Over 50 cases in stock and now available to order to deliver before Christmas. Note prices have risen but if you live outside of the UK you may be able to reclaim the Vat. Please be aware there are now only around 100 of each colour left so please order soon !!
A Little History
The Amiga 1000
In 1985 the results of a hugely creative team headed up by legendary computer chip designer Jay Miner, launched a computer to a world that was not ready for the insane computing power that was available in the Amiga. Amiga had the awesome Motorola 68000 with three high performance custom chips that gave up to 4096 on screen colours and full screen animation. Add to this an incredible multi channel 8 bit sampled audio system, all controlled by a powerful, Unix inspired, True, multi tasking operating system called Workbench. The Amiga was truly, the first real Multi Media computer and was years ahead of PC's and Macintosh.
This is a video I created to show just how amazing the original Amiga (1000) is and can be made to perform like a new machine with the vampire or other accelerators.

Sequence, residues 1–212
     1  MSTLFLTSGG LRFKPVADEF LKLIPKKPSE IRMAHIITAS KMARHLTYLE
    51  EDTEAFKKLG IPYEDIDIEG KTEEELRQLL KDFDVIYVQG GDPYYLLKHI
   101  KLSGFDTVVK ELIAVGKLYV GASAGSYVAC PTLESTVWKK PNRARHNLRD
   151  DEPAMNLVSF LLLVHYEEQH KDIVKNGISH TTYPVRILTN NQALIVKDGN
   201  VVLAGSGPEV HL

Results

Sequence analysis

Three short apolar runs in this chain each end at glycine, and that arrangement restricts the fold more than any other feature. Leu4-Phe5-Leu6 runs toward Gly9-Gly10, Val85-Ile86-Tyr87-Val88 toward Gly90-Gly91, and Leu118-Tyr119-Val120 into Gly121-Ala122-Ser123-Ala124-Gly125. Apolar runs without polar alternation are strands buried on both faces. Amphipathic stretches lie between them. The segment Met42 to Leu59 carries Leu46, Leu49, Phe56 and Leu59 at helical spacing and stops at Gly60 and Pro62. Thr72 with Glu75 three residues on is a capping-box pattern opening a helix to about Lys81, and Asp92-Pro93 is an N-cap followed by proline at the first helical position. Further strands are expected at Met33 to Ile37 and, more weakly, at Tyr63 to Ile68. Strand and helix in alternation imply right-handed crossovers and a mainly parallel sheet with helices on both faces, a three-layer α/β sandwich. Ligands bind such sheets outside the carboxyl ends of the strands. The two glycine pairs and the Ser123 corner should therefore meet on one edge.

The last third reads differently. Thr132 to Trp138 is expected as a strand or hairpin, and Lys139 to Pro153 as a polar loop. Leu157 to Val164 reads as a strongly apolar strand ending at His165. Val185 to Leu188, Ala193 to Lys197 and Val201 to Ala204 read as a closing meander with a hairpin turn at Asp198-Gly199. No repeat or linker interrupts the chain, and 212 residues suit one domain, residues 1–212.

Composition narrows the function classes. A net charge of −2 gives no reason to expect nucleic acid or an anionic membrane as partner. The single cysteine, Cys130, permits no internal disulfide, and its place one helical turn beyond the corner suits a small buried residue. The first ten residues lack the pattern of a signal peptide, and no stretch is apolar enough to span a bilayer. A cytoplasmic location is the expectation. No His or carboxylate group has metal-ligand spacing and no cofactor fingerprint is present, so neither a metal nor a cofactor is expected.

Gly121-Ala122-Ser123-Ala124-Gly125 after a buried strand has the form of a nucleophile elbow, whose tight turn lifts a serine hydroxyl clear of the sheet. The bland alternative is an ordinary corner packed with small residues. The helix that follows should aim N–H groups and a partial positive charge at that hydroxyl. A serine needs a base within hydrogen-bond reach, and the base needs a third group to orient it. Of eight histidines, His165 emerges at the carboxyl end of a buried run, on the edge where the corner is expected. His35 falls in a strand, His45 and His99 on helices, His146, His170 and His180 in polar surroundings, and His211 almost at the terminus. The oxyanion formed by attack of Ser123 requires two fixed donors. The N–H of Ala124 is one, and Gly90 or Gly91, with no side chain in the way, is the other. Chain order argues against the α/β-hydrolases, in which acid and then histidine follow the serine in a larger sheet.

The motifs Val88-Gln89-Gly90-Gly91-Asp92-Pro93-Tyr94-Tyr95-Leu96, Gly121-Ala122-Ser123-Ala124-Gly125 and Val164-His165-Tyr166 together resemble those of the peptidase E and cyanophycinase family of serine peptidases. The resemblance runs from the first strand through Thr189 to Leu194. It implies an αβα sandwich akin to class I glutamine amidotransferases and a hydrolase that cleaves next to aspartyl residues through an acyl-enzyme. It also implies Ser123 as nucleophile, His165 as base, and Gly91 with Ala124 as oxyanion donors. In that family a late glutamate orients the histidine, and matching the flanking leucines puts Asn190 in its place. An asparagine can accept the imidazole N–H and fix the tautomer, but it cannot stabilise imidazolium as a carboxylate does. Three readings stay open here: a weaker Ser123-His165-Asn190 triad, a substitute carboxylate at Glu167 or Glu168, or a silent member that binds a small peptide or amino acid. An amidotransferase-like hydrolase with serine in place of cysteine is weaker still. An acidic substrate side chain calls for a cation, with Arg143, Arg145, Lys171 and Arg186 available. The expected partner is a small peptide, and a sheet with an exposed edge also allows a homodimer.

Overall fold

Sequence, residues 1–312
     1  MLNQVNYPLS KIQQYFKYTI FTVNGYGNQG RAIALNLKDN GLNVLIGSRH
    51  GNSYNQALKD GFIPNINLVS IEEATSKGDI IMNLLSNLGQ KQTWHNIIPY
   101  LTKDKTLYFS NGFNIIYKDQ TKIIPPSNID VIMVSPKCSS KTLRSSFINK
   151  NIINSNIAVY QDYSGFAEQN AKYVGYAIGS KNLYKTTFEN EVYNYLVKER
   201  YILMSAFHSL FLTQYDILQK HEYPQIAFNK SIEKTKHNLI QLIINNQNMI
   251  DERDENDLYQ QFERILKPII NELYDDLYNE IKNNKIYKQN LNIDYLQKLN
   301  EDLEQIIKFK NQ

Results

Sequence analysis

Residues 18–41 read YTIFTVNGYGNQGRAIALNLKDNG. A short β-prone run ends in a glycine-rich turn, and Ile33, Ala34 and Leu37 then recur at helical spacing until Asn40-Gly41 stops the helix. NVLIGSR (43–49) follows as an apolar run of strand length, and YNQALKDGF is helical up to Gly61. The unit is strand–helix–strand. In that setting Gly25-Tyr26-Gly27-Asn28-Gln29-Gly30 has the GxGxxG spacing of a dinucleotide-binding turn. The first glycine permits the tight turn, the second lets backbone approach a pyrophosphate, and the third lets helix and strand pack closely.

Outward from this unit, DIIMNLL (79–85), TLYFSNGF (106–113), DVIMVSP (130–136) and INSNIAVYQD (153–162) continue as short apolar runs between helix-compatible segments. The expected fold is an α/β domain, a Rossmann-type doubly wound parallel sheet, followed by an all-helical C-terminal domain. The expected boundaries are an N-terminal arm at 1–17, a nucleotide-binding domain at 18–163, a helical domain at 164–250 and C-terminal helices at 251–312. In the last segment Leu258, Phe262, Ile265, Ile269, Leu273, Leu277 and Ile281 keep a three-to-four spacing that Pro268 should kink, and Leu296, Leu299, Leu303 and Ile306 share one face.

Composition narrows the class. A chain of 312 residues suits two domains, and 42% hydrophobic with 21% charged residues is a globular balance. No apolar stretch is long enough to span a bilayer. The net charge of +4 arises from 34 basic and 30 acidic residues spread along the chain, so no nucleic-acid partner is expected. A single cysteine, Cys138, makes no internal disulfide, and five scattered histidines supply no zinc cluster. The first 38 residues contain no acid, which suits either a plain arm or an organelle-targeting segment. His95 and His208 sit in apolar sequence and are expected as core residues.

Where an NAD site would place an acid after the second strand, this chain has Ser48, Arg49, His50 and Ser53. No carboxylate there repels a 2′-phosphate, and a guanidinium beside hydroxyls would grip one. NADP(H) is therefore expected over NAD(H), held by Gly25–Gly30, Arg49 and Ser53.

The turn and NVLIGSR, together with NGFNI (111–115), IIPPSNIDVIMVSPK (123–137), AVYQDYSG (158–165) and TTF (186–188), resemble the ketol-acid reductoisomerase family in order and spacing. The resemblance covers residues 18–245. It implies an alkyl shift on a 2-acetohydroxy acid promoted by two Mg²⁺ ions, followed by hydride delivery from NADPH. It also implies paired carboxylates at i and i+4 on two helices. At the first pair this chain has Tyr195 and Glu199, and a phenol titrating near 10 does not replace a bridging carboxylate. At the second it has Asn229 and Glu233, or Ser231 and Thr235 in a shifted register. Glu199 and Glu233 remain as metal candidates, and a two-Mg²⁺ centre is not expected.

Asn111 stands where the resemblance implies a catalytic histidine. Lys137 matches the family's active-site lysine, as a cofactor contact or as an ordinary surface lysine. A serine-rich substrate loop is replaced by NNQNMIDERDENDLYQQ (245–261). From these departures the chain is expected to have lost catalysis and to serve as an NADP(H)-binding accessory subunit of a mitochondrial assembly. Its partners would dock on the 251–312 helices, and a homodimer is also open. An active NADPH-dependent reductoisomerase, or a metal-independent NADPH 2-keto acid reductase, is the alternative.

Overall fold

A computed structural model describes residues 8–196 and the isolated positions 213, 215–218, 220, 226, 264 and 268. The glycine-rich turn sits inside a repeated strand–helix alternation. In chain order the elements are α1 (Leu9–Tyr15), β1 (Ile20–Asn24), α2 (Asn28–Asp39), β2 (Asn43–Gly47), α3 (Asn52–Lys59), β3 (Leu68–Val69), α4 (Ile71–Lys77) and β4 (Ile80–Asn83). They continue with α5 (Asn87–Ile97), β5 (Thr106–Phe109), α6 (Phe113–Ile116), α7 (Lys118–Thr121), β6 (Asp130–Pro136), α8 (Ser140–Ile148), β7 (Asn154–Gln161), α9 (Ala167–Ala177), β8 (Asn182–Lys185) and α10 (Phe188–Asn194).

Jay Miner: Father of the Amiga 1932–1994
A revealing video about what people think about Jay Miner and a talk he gave about the Amiga's development. Note, he also developed the chip set in the Atari VCS 2600 which sold millions of units. He was lead designer and chip designer for the Atari 400 and 800 computers which to be honest are still better than the Commodore 64 that came out 3 years later. He also developed one of the first heart pace makers that could be controlled from outside of the body.
Over the following years the Amiga evolved into a range of high powered personal graphics and audio computer systems but the next major upgrade was the Amiga 3000 launched in April 1990. This took the Amiga to Work Station performance and was considered by many to also be the best looking Amiga, even to this day.
Amiga 3000 first commercial VR system
The following year the Amiga 3000 went on to power the first commercial Virtual Reality arcade system called Virtuality. Using custom 3D display hardware, much like today's GPU chips the A3000 was the only viable computer, at that time, to process the huge amount of data required for this very early, commercial virtual reality system.
This is Ravi from the Retro Hour podcast trying out the Virtuality system from 1991/3 which was powered by the amazing Amiga 3000 which this case is designed as an homage too.
The original Checkmate A1500
Manufactured by my company Checkmate Digital in late 80's.
A great video explaining my history with the original Checkmate A1500 and my run in with Commodore.
A great question and answer session going into more details after the Checkmate A1500 video from Neil aka RetroManCave.
This story is going to be in the book by David Pleasance.
Graphics kindly supplied by